When an Interest Rate Hike Does Not Mean an Interest Rate Hike


By Lynn Reaser

Last week, the Federal Reserve raised the interest rate it charges banks borrowing from its discount window from 0.50% to 0.75%.  Investors initially expressed surprise and alarm that a new cycle of monetary policy tightening and higher interest rates had begun.

Federal Reserve officials immediately worked to assure financial markets that this was not the case.  The discount rate had been lowered dramatically to help banks stressed for funding in the middle of the financial crisis.  As lending markets have thawed, banks have found alternative sources of funds and no longer were lining up at the Fed’s emergency window.  The special subsidy of an exceptionally low discount rate was no longer required.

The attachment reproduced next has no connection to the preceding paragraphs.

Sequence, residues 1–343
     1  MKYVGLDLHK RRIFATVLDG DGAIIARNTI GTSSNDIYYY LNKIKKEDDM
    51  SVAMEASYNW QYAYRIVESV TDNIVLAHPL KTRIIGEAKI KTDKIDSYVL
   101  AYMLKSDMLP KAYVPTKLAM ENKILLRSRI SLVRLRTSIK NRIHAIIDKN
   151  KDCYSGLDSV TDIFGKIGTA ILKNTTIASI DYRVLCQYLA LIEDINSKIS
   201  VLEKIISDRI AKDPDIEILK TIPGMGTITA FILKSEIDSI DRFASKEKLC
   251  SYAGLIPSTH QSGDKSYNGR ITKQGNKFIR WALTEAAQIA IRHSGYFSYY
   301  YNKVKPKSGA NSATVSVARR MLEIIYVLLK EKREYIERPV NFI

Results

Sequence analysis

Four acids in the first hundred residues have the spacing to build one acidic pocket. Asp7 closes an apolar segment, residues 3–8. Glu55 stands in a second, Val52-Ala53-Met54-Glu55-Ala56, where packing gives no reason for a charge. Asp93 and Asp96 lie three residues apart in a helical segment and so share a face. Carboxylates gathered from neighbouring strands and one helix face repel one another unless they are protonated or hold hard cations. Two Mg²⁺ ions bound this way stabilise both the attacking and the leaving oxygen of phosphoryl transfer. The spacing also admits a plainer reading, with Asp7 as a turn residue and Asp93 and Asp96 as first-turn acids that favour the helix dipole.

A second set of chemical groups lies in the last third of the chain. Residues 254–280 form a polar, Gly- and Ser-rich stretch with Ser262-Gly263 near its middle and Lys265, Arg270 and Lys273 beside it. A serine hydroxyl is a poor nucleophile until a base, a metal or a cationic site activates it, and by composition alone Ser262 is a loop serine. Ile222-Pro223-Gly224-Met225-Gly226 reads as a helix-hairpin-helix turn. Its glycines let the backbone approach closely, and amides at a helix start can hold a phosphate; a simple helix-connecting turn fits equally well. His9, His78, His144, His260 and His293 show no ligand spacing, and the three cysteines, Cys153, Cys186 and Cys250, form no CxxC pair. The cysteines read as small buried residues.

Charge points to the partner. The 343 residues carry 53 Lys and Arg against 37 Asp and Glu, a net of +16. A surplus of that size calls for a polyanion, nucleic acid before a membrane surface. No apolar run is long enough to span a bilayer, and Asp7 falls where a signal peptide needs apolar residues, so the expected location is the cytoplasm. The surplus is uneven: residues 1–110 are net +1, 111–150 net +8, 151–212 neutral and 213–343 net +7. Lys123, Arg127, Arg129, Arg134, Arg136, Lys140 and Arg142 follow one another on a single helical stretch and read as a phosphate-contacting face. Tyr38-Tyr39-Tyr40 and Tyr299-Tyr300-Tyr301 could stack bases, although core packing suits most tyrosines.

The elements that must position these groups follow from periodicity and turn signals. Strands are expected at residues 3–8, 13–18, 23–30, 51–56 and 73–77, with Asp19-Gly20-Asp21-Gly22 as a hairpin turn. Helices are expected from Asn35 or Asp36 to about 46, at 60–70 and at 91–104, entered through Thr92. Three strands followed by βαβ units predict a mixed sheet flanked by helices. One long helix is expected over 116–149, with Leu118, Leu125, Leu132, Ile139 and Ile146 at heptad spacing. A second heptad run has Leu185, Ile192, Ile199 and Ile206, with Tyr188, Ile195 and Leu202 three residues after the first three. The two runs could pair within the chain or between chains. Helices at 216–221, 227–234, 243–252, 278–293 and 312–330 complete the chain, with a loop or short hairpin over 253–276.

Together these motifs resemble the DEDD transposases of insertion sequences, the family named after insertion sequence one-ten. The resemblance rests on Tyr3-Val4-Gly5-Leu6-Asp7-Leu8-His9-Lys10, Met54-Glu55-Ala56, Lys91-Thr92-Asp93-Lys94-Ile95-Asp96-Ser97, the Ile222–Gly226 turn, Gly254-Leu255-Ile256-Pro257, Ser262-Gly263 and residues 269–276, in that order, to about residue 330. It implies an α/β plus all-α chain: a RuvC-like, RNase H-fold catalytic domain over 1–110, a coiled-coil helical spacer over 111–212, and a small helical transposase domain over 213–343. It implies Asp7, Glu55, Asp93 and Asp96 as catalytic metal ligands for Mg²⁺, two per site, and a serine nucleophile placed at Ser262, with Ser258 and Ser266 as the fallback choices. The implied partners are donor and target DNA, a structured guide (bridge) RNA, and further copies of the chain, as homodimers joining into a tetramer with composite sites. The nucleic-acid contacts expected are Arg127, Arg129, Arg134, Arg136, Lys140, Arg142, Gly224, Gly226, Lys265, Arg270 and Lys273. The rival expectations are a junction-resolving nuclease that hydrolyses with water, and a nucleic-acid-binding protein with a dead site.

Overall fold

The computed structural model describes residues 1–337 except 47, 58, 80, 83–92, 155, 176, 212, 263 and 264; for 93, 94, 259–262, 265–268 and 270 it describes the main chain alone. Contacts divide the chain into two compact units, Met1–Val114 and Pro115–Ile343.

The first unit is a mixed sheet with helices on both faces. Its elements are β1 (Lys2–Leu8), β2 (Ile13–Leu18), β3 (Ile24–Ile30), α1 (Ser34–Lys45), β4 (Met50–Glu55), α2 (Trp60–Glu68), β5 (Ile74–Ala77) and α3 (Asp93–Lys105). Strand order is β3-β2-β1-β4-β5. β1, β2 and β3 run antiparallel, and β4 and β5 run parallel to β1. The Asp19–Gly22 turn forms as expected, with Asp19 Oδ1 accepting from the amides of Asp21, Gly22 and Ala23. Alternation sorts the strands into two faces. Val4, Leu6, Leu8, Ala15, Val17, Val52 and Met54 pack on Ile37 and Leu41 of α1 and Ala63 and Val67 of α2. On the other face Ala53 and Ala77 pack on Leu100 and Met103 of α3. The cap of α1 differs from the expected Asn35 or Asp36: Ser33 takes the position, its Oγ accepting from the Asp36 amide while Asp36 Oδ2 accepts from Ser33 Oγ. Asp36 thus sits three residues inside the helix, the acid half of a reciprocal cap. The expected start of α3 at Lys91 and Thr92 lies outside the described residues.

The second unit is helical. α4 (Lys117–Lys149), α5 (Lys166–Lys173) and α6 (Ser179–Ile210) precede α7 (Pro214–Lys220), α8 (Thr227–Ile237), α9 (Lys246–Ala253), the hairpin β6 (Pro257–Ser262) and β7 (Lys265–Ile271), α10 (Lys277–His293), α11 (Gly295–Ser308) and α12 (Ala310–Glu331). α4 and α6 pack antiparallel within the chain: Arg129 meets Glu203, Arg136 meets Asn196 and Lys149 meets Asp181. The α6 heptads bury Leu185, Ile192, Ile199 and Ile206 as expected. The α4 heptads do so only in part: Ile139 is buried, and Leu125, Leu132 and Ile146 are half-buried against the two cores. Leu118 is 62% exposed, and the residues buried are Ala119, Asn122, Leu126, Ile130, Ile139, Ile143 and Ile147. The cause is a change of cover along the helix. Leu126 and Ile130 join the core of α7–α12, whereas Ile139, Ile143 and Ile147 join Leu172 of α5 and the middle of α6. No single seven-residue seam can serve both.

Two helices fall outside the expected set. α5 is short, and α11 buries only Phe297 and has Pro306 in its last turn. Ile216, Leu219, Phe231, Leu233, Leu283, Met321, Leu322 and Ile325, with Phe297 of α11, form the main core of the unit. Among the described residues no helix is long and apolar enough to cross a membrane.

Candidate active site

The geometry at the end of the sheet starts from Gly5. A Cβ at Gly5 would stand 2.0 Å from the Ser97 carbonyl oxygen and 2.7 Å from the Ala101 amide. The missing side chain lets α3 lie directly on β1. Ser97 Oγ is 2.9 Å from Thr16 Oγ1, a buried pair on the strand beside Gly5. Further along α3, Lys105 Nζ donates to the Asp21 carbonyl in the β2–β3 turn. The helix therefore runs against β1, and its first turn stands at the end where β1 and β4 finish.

The discount rate hike is part of other actions the Federal Reserve is taking to unwind some of the extraordinary measures it had implemented to rescue financial markets from collapse.  The next most important step will be the halting of its program to purchase mortgage bonds issued and backed by the housing agencies, Fannie Mae and Freddie Mac, at the end of March.

Federal Reserve officials continue to debate when they will deploy the tools to be used as their primary monetary policy levers.  These will include paying higher interest rates on the excess reserves banks hold, actively draining reserves from the banking system, and raising the target on the federal funds rate.  While some monetary policymakers are arguing for a quicker response, the general view from the Fed is that explicit tightening is still a number of months off.

The fact that the Fed is pulling back on various emergency programs does indicate greater confidence in the economy’s recovery prospects.  By the second half of this year, Fed actions are likely to indeed mean higher interest rates.

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